3. Upon adequate provocation 
    • Assault & battery; 
    • Witnessing adultery 
    • Objective + subjective elements (D actually provoked, should have been provoked, did not have time to cool, did not actually cool). 

 

 

22

 

First Degree Manslaughter (New York)

 

  1. Intentional killing; under reasonable and extreme emotional disturbance; or 
  2. Intent to cause serious physical injury; or 
  3. Abortional act 24+ weeks and death of mother 

 

(1) is an affirmative defense to second degree murder. 

23

 

Second Degree Manslaughter (New York)

 

  1. Recklessness; aware that conduct consciously disregards a substantial and unjustifiable risk. 
  2. Abortional act causing death of mother unless justified by statute; 
  3. Aiding suicide, unless involving duress or deception (then second degree murder). 

24

 

Involuntary Manslaughter 

(Common Law) 

 

  1. During a crime to which felony murder does not apply; or 
  2. With criminal negligence (gross deviation from standard of care) 

25

 

 

26

 

Manslaughter in New York (Other)

 

Vehicular Manslaughter

  1. First Degree: death while drunk + BAC > 0.18 or more than 1 death
  2. Second Degree: death while drunk 

Criminally Negligent Homicide: negligence (should have been aware of the risk of death). 

Aggravated homicide: applies to all types of homicide if victim is police on duty. 

Aggravated murder: D 18+ kills V<14 cruelly, wantonly

Aggravated vehicular homicide: First degree vehicular manslaughter + reckless driving. 

 

27

 

False Imprisonment 

(Common Law and New York)

 

  • Common law: the unlawful confinement of a person without his consent (general intent). 
  • New York: "unlawful imprisonment" 
  1. First Degree: unlawfully restraining someone without consent, with knowledge that the restiction is unlawful and risk of serious injury. 
  2. Second Degree: unlawfully restraining someone without their consent with knowledge the restriction is unlawful. 

28

 

Kidnapping 

(Common Law and New York) 

 

Common law: false imprisonment and moving victim or concealing in a secret place. 

New York:

  • First degree: abducting someone, and 
    • ​Ransom, 
    • Restraint > 12 hours with intent to rape/injure/rob; or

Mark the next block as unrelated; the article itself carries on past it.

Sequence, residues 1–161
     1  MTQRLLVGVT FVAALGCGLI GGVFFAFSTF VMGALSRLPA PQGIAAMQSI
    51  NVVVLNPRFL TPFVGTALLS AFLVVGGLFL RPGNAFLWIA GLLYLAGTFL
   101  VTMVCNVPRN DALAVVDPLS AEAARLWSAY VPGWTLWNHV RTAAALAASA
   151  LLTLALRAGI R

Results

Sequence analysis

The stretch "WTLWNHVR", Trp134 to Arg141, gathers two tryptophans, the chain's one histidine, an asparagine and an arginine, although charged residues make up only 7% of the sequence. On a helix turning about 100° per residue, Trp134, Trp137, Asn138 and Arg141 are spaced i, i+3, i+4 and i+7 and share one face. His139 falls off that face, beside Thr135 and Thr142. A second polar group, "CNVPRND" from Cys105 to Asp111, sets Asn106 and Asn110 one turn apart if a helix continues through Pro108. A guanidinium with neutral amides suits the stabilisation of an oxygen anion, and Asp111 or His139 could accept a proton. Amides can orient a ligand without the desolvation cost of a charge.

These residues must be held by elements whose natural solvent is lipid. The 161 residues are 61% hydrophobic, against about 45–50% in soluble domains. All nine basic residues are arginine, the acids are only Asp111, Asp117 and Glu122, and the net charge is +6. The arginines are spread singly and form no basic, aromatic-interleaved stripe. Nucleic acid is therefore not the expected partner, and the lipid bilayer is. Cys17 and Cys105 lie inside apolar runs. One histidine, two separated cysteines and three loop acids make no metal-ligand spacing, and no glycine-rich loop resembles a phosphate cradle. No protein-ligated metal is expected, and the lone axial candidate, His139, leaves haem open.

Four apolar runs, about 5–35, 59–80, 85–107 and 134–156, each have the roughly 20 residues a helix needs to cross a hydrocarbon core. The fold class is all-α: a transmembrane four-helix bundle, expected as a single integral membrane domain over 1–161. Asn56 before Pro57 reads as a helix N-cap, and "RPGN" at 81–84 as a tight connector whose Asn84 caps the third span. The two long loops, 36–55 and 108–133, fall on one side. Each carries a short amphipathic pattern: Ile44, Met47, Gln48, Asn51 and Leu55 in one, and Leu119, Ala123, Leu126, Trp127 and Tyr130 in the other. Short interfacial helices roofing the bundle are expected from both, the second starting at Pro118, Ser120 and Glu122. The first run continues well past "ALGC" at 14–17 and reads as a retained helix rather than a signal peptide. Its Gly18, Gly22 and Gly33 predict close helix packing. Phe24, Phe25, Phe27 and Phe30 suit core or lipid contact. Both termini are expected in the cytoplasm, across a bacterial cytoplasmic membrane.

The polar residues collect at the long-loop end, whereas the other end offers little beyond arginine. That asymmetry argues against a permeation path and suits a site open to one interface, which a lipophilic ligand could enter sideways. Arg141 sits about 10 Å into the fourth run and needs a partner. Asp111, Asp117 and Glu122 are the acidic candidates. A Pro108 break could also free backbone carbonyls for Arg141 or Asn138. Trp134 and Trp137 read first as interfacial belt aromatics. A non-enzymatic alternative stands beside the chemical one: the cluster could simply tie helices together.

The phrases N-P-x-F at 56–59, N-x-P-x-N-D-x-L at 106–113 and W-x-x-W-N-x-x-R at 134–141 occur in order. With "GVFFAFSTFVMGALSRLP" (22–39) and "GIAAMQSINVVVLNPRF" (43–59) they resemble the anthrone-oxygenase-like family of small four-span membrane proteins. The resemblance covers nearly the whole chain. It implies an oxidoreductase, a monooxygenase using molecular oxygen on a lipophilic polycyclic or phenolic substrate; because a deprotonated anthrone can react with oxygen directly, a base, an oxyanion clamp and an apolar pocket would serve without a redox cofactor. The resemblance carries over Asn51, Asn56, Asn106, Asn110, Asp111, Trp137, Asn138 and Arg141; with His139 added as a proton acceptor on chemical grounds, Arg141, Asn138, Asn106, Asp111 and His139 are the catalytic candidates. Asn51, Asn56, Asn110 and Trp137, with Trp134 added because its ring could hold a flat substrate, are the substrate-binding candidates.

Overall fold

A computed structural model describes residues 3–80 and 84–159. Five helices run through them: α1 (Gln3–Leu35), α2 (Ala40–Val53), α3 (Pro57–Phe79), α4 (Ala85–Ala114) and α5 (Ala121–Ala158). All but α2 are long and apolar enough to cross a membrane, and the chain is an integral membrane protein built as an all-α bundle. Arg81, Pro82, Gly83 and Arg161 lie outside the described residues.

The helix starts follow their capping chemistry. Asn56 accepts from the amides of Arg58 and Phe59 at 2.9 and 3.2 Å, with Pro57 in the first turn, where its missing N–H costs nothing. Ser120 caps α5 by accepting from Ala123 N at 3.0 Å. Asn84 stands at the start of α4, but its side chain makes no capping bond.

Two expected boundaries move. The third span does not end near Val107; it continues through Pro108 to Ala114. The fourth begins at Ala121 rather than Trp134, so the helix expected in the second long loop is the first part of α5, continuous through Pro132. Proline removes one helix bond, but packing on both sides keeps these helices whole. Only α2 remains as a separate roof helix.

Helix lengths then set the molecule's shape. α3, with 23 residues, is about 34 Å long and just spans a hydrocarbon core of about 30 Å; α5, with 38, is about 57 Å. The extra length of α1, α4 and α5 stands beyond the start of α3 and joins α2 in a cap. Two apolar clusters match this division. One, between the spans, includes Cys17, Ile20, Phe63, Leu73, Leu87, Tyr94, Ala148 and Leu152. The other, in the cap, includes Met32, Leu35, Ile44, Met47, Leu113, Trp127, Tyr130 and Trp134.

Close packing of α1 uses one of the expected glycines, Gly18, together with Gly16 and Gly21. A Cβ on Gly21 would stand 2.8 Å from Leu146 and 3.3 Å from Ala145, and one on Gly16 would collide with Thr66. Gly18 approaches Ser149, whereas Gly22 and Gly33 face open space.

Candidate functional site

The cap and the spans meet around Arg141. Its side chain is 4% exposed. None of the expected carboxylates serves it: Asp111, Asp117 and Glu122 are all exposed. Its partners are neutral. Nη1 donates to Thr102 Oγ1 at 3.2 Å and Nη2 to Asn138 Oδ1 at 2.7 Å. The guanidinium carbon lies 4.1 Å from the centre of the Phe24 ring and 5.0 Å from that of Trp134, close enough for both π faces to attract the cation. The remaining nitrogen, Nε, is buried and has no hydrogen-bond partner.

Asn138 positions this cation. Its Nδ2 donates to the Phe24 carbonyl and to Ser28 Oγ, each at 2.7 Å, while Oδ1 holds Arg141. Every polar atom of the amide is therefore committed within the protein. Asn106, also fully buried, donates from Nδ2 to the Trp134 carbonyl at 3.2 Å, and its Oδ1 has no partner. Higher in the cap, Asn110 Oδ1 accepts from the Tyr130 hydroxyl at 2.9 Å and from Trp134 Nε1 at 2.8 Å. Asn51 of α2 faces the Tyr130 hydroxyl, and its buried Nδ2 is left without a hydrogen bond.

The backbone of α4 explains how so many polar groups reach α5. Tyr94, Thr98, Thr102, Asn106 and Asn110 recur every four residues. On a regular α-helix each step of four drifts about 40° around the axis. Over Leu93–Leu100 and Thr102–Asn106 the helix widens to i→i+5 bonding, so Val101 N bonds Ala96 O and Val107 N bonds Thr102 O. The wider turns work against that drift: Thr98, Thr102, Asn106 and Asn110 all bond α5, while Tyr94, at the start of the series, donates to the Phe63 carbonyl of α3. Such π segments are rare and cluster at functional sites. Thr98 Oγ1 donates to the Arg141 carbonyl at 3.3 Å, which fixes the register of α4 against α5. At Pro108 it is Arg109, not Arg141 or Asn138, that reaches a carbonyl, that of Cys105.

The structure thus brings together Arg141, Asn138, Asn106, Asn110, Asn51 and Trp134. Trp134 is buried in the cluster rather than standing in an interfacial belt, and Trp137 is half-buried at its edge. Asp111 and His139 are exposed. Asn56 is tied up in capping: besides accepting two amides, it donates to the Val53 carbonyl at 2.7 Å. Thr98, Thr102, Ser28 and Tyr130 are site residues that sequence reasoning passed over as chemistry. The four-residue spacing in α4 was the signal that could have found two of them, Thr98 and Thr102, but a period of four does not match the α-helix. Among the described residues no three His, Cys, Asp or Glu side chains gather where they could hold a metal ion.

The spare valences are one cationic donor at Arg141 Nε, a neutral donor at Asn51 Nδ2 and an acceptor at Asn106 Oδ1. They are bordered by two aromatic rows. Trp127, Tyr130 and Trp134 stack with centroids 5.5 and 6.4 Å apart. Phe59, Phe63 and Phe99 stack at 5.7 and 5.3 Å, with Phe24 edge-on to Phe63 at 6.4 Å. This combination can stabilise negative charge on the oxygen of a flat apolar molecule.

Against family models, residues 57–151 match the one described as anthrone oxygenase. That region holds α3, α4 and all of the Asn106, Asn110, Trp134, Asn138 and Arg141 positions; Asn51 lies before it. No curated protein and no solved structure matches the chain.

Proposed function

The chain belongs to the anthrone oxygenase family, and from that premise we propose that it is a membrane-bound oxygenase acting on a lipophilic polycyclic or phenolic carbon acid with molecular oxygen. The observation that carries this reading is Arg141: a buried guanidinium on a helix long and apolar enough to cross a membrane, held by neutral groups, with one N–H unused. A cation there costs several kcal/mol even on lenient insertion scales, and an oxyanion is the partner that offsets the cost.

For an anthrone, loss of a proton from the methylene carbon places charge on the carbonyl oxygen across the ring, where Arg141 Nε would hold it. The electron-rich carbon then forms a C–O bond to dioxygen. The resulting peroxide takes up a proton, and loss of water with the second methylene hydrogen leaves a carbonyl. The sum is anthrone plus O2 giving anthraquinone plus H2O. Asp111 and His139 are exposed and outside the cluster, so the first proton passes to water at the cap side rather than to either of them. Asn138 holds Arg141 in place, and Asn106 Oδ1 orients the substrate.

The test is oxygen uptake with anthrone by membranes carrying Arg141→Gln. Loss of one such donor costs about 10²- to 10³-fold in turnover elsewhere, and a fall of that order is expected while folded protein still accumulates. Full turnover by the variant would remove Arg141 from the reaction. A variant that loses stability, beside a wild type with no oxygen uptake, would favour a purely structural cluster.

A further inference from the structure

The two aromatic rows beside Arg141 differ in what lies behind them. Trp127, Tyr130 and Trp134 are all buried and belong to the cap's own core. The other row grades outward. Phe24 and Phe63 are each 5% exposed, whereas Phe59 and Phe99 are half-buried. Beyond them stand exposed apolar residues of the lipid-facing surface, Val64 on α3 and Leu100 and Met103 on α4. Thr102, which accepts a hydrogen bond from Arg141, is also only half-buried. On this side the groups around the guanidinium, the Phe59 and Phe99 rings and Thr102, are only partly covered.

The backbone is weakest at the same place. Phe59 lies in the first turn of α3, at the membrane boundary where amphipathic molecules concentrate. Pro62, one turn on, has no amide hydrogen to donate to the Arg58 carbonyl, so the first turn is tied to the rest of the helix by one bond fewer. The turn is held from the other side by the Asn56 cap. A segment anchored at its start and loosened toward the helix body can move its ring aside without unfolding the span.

• Death of Victim 
  • Second degree: abducting someone 

29

 

Forcible Rape 

 

  • Sexual intercourse without victim's consent, by:
    • Force; 
    • Threat of force; or
    • when victim is unconscious 

(General intent) 

30

 

Statutory Rape

 

  • Sexual intercourse with someone under the age of consent
    • Age of consent is 17 in NY
    • 21 +, victim 16 or younger in NY
  • Mental state = strict liability (majority/NY)

MPC/minority rule: mistake of age, if reasonable, is a defense.  

31

 

Larceny 

(Common Law) 

 

Trespassory Taking and Carrying Away the Personal Property of Another with the Intent to Permanently Retain the Property. 

Specific intent

  • taking under a claim of right is not larceny 
  • continuing trespass created by later on forming intent to deprive owner permanently (exception to concurrence). 

32

 

Embezzlement 

(Common Law) 

 

  • Conversion of personal property of another by a person already in lawful possession of that property with the intent to defraud. 
    • Possession > custody 
    • Authority to exercise discretion over property (e.g., trustee)
  • Specific intent to defraud (n/a if you intend to return, but must return same items). 

33

 

False Pretenses 

 

  • Obtaining title to the personal property of another by an intentional false statement with the intent to defraud. 
    • Title = ownership
    • Present or past event, not future promise 
    • Specific intent crime

34

 

Larceny by Tick 

(Common Law) 

 

  • Obtaining CUSTODY (not ownership/title) of the personal property of another by an intentional false statement 
    • Past/present, not future, promise 

35

 

Common Law Forgery

 

  • Making or altering a writing so that it is false with the specific intent to defraud 

36

 

Robbery 

(Common Law)

 

  • larceny from a person's person/presence by force or threat of immediate force. 
  • Specific intent to steal 
  • Force must be sufficient to overcome resistance. 
    • E.g., purse snatching from arm, but not pick-pocketing 

37

 

Robbery 

(New York)

 

THIRD DEGREE. 

  • Forcible stealing (use/threatened use of immediate force).

SECOND DEGREE

  • Forcible stealing + aided by a person actually present, or injury to the victim, or car is stolen, First Degree & can prove the firearm was unloaded.

FIRST DEGREE 

  • Forcible stealing + victim is seriously injured, or use/display of loaded firearm (burden on D to show not loaded, knocks to second degree).  

 

38

 

Larceny 

(New York)

 

  • Any crime that is, at common law, larceny, embezzlement, false pretenses, or larceny by trick: 
  • Degrees 
    • 1st = > 1,000,000
    • 2nd = > 50,000
    • 3rd = > 3,000 
    • 4th = > 1,000
    • Petit = < 1,000 

39

 

Burglary 

(New York and Common Law)

 

  • Breaking and entering the dwelling of another at night with the intent to commit a felony inside. Specific intent crime
    • Breaking is creating/enlarging an opening with minimal force. 
  • New York